• any disease caused, or contributed to, by work, including pre-existing disease if work has aggravated the condition (this may include cancers, degenerative conditions, strokes, heart conditions and psychological conditions).

What injuries aren’t covered?

The Act allows your employer or Comcare to deny your claim if they can show that an exclusionary provision applies. This can occur where it is alleged that an injury, disease or an aggravation is a result of:

  • reasonable disciplinary action
  • failure to obtain a promotion
  • failure to obtain a transfer, or
  • failure to obtain a benefit in connection with employment.

A claim can also be excluded if it arose as a result of reasonable administrative action. This can include:

  • employment-related performance appraisals
  • counselling
  • suspension action
  • disciplinary action
  • re-classification, or
  • retention of a benefit.

Injuries suffered while travelling between work and your home since 12 April 2007 are not covered. However, you may still be able to lodge a claim with the Compulsory Third Party (CTP) insurer in your state.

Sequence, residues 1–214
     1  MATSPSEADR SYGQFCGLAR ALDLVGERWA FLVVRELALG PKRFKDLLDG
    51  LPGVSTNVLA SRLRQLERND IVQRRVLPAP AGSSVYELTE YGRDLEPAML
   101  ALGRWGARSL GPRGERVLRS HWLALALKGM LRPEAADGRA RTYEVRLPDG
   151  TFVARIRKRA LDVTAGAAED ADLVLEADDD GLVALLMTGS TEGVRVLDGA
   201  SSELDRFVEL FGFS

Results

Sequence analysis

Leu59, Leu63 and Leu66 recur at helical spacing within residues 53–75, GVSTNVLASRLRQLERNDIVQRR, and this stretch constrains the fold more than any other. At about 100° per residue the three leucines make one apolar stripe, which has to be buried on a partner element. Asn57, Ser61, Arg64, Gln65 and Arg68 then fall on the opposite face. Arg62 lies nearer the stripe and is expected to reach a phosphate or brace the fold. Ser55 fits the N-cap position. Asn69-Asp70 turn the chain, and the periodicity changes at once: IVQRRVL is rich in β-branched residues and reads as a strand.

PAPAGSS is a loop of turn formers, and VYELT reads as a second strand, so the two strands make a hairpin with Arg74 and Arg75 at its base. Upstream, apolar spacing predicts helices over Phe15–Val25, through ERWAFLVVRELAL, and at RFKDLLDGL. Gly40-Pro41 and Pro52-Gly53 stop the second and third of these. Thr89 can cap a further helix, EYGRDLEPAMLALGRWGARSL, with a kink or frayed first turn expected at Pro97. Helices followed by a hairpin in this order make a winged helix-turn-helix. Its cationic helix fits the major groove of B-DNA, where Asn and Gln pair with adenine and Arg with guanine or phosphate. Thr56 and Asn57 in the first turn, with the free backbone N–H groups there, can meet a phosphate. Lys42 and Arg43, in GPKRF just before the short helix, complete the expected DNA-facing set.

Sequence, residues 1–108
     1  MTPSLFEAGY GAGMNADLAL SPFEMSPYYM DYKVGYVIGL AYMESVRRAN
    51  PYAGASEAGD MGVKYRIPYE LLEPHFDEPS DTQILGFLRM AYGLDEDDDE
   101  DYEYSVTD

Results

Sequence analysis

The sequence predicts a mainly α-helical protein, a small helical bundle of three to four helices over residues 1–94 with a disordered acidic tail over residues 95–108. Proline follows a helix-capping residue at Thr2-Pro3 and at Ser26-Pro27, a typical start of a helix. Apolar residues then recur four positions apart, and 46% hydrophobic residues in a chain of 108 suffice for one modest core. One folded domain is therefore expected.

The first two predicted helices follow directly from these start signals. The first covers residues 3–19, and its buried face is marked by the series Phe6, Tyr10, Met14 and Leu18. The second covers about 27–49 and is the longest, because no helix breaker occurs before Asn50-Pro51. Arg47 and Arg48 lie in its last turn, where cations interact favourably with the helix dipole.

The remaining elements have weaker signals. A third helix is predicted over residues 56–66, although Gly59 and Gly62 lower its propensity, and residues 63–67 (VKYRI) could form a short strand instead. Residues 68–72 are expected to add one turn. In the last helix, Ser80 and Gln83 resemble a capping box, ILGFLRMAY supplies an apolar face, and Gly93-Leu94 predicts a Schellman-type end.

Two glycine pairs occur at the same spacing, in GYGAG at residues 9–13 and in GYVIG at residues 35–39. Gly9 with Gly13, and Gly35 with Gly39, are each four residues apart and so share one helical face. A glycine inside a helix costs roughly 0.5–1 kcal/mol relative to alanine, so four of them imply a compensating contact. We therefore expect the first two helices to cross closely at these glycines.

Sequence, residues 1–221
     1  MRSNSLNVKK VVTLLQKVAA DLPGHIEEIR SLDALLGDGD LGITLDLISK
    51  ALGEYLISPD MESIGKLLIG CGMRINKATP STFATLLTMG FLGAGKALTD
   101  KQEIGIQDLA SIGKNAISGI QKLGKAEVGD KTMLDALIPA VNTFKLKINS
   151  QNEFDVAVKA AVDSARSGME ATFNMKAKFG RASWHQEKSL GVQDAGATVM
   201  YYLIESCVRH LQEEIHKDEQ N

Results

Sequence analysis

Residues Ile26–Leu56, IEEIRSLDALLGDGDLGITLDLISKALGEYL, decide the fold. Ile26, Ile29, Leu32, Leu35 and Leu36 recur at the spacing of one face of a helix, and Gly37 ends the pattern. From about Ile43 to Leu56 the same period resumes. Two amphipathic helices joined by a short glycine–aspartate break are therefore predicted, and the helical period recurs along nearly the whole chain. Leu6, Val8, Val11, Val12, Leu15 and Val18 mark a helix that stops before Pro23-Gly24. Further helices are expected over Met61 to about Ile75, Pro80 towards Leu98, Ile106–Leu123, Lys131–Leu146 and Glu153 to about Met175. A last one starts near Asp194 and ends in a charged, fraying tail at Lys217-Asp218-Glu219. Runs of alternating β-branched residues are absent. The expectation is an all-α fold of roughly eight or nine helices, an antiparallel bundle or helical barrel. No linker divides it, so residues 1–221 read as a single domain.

What medical treatment benefits are available?

You are entitled to payment of all reasonable medical expenses. This includes:

  • surgery
  • hospital fees
  • nursing care
  • dental treatment
  • prescription medicine
  • medical aids, and
  • treatment from:
    • registered physiotherapists
    • chiropractors
    • osteopaths, and
    • massage therapists.

These entitlements may be affected if you sue for damages and pain and suffering under common law, so talk to us about what is best for you.

How much of my wage is covered?

If you can't return to work, you are entitled to receive 100 per cent of your normal weekly earnings for the first 45 weeks you are off work. If you can return to work, but not on your usual hours, you are entitled to a top-up payment.

What is a lump sum permanent impairment benefit and when can I claim it?

If you suffer a permanent impairment due to your work-related injury, you may be entitled to claim a lump sum permanent impairment benefit. This is a set amount of money paid to you to compensate for the impact your permanent injury will have on you for the rest of your life.

A lump sum payment does not impact your ongoing Comcare benefits, such as compensation for medical expenses, however, you can’t sue for damages and claim a lump sum – you have to choose – so it’s important to talk to us about your best course of action.